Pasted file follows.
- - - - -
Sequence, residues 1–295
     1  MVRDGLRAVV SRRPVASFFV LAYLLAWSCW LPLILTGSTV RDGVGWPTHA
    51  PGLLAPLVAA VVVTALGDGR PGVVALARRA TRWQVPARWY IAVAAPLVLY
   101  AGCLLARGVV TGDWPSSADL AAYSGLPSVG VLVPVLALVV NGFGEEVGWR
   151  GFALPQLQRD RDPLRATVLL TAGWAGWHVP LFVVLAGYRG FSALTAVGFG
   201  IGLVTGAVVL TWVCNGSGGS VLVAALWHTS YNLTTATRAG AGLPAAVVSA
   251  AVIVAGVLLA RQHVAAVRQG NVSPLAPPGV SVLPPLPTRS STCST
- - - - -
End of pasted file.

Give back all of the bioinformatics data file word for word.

Sequence, residues 1–295
     1  MVRDGLRAVV SRRPVASFFV LAYLLAWSCW LPLILTGSTV RDGVGWPTHA
    51  PGLLAPLVAA VVVTALGDGR PGVVALARRA TRWQVPARWY IAVAAPLVLY
   101  AGCLLARGVV TGDWPSSADL AAYSGLPSVG VLVPVLALVV NGFGEEVGWR
   151  GFALPQLQRD RDPLRATVLL TAGWAGWHVP LFVVLAGYRG FSALTAVGFG
   201  IGLVTGAVVL TWVCNGSGGS VLVAALWHTS YNLTTATRAG AGLPAAVVSA
   251  AVIVAGVLLA RQHVAAVRQG NVSPLAPPGV SVLPPLPTRS STCST